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Liberty Maritime Corporation has found themselves in the midst of a heated labor union dispute after the company somewhat abruptly ended its long-standing labor relationship with the Marine Engineers Beneficial Association (M.E.B.A) union, entering into a contract with the American Maritime Officers (AMO) to man its vessels instead.
Despite several months of negotiations with Liberty Maritime and M.E.B.A.’s agreement-in-principle to the terms of a new contract, M.E.B.A. and Liberty Maritime could not reach an ultimate agreement and ended their 22-year relationship as of midnight September 30. Liberty Maritime has since signed a collective bargaining agreement with the AMO, locking out M.E.B.A. members from working on its vessels and replacing them with AMO officers.
As you can imagine, the decision made by Liberty Maritime does not sit well with M.E.B.A.
“Liberty Maritime has turned its back on the employees and the Union that have delivered great service since the inception of the company,” said M.E.B.A. President Mike Jewell.
In a written request to AMO members, M.E.B.A.’s Jewell pleaded for “union solidarity” and requested that AMO members to not “cross the picket line”.
“Liberty Maritime’s actions in locking out the M.E.B.A. officers and entering into a contract with the AMO is neither fair nor respectful to the mariners who have given excellent service to the company since its inception.” Jewell wrote in the letter. “Liberty’s actions are only meant to divide the labor movement at a time when working men and women are under attack on all fronts. Therefore, I am personally appealing to you to not cross our picket line that we have set up to protest Liberty’s despicable actions.”
Jewell added: “This fight is between the M.E.B.A. and the company, not between labor unions. Please stand with us during this struggle and support us. Your leadership may encourage you to cross our picket line, I ask you to hold firm with us in Union Solidarity.”
AMO on the other hand, is happy with its new contract and has no plans on abiding by M.E.B.A.’s plea’s.
AMO National President Tom Bethel said in an AMO statement: “The fact remains the MEBA leadership was unable to come to terms with the company and secure an agreement despite having, as they said, several months to resolve the issues on the table. Liberty simply chose AMO as the superior option.”
“I am proud to be bringing these jobs to the AMO membership, proud that our union is manning these ships for continued service in the U.S.-flag fleet,” Bethel added.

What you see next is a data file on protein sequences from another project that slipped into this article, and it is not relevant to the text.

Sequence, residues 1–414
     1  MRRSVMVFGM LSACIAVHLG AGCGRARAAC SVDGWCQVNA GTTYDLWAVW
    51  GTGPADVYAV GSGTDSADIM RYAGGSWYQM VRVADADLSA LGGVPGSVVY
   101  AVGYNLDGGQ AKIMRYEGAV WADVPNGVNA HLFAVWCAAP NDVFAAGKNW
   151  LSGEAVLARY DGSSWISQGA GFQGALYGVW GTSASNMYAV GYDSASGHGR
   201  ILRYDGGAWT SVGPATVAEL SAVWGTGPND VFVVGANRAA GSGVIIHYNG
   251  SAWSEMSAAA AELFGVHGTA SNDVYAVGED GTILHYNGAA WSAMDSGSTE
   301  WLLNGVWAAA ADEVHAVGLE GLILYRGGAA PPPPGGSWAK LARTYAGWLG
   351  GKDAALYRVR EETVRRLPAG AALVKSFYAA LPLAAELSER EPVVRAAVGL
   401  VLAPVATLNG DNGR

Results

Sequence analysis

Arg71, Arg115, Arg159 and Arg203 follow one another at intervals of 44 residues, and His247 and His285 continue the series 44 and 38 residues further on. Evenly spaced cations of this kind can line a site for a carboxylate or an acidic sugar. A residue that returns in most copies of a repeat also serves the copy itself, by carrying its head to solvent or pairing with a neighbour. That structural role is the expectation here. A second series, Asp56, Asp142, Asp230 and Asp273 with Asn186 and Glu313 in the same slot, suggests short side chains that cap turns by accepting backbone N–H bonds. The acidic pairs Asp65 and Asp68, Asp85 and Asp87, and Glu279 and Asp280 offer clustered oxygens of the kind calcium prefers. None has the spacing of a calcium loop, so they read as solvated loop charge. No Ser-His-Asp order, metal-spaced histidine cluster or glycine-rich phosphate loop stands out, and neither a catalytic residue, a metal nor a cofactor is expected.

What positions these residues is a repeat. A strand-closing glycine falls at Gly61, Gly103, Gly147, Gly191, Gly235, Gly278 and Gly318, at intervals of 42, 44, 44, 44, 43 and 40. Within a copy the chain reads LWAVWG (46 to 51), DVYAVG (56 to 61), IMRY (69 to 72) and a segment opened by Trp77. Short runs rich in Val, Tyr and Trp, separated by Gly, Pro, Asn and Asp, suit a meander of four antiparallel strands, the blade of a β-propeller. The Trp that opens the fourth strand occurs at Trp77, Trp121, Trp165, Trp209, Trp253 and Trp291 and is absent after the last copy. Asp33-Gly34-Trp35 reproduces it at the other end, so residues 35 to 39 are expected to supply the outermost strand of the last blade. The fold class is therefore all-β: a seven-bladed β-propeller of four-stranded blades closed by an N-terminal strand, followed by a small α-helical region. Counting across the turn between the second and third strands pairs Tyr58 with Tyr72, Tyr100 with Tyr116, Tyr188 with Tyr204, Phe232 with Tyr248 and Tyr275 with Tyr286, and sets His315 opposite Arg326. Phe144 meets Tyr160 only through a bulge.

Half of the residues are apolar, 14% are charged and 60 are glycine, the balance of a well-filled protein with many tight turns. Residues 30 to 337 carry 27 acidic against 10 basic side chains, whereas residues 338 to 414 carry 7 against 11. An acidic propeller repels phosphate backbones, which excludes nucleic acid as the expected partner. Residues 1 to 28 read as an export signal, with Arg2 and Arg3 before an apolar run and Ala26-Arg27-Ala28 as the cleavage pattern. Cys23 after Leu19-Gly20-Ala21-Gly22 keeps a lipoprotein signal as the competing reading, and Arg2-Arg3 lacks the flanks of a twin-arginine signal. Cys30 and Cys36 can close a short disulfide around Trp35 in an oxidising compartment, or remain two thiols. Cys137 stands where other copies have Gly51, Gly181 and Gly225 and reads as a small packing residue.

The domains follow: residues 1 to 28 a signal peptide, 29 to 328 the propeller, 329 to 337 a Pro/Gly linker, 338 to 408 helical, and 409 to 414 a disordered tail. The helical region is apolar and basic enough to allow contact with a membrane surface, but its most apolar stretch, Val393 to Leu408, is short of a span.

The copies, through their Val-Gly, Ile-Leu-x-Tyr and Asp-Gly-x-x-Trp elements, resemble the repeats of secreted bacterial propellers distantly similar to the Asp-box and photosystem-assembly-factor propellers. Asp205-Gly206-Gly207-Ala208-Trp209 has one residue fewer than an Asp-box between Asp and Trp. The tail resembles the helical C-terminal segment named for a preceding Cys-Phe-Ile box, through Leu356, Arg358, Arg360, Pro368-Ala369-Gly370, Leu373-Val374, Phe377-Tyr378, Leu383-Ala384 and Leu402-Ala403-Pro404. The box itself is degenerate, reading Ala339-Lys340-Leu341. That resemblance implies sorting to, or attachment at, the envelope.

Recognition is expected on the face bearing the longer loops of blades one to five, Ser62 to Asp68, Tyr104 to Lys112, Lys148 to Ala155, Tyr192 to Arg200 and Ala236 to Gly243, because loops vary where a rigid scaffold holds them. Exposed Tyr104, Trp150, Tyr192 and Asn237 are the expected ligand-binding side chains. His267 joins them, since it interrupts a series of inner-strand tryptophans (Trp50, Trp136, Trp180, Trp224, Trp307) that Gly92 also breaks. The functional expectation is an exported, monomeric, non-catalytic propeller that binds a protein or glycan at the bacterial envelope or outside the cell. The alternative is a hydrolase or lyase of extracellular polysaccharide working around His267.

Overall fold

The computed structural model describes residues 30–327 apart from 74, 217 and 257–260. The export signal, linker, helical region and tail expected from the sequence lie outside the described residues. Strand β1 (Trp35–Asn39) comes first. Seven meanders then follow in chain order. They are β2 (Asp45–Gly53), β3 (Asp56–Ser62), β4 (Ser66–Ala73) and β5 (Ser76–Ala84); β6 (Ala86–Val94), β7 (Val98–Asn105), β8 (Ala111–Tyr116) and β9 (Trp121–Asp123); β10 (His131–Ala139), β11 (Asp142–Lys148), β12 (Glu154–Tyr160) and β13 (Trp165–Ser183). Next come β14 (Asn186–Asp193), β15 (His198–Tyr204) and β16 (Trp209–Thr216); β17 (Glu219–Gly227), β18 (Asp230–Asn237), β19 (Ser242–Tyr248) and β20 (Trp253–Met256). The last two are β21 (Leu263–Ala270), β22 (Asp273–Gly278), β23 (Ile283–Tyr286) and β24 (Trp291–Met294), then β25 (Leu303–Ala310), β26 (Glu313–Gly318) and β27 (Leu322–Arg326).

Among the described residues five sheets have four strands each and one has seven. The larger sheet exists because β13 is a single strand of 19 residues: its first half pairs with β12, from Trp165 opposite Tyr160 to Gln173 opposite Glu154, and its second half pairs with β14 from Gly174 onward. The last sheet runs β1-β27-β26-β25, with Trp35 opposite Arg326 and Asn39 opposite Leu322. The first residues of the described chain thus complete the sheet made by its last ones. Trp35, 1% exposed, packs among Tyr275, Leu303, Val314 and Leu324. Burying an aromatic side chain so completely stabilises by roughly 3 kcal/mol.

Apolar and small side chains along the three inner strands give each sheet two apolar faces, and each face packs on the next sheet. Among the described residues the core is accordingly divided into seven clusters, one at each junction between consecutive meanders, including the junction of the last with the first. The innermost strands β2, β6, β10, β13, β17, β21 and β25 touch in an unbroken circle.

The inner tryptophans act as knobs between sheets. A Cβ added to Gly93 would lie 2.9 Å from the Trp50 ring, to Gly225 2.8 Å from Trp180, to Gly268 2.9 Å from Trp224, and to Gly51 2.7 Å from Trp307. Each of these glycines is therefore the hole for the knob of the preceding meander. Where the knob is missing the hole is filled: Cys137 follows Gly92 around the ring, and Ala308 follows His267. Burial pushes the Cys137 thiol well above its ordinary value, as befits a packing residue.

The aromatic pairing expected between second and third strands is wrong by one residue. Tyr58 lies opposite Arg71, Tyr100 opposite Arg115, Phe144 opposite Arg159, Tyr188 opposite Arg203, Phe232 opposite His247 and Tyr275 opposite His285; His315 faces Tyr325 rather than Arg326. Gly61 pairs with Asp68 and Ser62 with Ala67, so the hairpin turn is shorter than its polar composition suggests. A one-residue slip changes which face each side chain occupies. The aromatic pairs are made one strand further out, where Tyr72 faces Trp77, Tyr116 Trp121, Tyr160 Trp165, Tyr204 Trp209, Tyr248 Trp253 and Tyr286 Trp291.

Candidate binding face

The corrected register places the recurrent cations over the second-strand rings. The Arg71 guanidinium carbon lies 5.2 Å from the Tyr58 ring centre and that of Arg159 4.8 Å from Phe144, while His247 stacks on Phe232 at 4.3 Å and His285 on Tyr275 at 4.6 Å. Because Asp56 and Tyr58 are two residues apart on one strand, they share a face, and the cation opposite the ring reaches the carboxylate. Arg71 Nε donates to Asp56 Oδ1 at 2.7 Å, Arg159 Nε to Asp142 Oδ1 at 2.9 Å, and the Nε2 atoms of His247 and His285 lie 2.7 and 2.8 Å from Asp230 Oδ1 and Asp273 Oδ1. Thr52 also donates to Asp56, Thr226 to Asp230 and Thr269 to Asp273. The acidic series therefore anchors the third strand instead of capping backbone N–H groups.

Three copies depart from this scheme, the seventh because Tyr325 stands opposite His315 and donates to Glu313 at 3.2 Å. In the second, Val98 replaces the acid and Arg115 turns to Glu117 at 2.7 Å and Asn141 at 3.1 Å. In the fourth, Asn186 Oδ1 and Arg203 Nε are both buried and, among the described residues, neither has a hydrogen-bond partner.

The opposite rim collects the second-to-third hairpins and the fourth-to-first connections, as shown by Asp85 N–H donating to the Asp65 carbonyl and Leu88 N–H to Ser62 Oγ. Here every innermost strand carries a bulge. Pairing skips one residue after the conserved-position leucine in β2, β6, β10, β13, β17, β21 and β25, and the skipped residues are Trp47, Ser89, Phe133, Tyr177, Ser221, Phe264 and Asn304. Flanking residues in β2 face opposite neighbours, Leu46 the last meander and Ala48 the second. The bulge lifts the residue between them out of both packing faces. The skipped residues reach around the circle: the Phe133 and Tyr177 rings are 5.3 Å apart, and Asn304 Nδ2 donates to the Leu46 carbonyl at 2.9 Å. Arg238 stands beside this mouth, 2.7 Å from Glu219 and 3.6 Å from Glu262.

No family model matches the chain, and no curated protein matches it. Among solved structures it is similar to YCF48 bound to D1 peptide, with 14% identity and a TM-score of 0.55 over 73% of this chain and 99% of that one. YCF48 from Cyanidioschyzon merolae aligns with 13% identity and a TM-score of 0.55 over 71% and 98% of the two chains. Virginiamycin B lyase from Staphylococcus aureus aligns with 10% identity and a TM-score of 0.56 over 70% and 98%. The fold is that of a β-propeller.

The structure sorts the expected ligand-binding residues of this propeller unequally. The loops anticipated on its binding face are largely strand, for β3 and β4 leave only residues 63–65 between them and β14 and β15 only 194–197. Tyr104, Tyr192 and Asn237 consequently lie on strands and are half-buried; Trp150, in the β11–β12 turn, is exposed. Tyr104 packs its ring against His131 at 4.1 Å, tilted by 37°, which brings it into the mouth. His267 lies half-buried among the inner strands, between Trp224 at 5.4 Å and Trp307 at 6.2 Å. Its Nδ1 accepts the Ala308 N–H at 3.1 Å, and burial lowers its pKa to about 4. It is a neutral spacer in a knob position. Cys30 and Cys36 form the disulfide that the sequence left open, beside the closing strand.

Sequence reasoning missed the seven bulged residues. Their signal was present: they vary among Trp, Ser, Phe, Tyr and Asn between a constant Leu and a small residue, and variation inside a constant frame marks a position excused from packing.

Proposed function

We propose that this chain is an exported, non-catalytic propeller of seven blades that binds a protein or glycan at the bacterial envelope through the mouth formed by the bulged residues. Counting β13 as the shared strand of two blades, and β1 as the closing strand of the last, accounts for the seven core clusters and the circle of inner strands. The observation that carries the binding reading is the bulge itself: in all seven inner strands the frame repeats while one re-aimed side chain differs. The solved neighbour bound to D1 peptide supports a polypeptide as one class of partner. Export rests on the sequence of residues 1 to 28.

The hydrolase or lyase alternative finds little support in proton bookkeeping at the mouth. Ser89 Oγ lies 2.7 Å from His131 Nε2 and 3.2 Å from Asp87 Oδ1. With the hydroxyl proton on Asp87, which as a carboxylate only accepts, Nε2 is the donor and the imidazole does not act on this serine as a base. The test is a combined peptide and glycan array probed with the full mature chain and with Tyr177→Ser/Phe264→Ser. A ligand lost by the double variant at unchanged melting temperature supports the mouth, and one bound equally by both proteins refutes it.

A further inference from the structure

UPDATE: In an update to written response, Mike Jewell criticised Bethel, saying he has “misled” his membership and cited a June incident where AMO members working for American Steamship Company (ASC) went on strike after a contract with the company expired. Ultimately ASC and AMO reached an agreement shortly thereafter, but Bethel makes it clear that in that incident, “the M.E.B.A. and all other maritime labor unions did not interfere.” The update from M.E.B.A. also says that AMO members have started to walk off Liberty vessels in support of M.E.B.A.
Late Friday afternoon in the Port of Galveston, Texas, a Liberty Maritime Corporation management official walked off the vessel and drove over to the information booth that M.E.B.A. had begun setting up. This person said: “I just spoke with Liberty in New York, and told them I am not going to be part of this – I respect what you folks have to do, good luck.”
On Saturday evening, two U.S. mariners walked off the vessel in Galveston, Texas with their sea bags packed and draped over their shoulders. They had not even been on the vessel for 24 hours yet and obviously they had had enough. This morning, another U.S. mariner walked off the vessel with his sea bag packed and draped over his shoulder. He exited the gate with a nod to the picketers and off he went.
As of October 1, American Maritime Officers members replaced M.E.B.A. members on four of Liberty Maritime’s ships. A fifth vessel is currently undergoing maintenance in a shipyard overseas and once completed, will be manned by AMO as well. The vessels include the M/V Liberty Glory, M/V Liberty Sun, M/V Liberty Spirit, M/V Liberty Eagle, and M/V Liberty Grace.
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